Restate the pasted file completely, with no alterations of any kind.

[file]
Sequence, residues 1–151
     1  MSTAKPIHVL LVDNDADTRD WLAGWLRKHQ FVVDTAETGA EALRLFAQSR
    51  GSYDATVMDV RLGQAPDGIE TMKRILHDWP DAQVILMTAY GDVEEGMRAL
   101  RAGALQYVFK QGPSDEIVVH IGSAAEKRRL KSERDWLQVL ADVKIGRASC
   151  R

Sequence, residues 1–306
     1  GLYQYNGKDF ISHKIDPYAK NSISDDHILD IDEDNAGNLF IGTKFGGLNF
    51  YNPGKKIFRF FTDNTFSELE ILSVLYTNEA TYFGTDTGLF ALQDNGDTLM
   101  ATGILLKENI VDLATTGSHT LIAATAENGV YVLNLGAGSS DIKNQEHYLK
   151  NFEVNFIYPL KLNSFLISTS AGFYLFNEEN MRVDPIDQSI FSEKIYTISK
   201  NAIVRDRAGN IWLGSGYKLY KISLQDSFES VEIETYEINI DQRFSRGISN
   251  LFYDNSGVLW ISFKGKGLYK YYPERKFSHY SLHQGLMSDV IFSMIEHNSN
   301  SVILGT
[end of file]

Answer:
Sequence, residues 1–151
     1  MSTAKPIHVL LVDNDADTRD WLAGWLRKHQ FVVDTAETGA EALRLFAQSR
    51  GSYDATVMDV RLGQAPDGIE TMKRILHDWP DAQVILMTAY GDVEEGMRAL
   101  RAGALQYVFK QGPSDEIVVH IGSAAEKRRL KSERDWLQVL ADVKIGRASC
   151  R

Sequence, residues 1–306
     1  GLYQYNGKDF ISHKIDPYAK NSISDDHILD IDEDNAGNLF IGTKFGGLNF
    51  YNPGKKIFRF FTDNTFSELE ILSVLYTNEA TYFGTDTGLF ALQDNGDTLM
   101  ATGILLKENI VDLATTGSHT LIAATAENGV YVLNLGAGSS DIKNQEHYLK
   151  NFEVNFIYPL KLNSFLISTS AGFYLFNEEN MRVDPIDQSI FSEKIYTISK
   201  NAIVRDRAGN IWLGSGYKLY KISLQDSFES VEIETYEINI DQRFSRGISN
   251  LFYDNSGVLW ISFKGKGLYK YYPERKFSHY SLHQGLMSDV IFSMIEHNSN
   301  SVILGT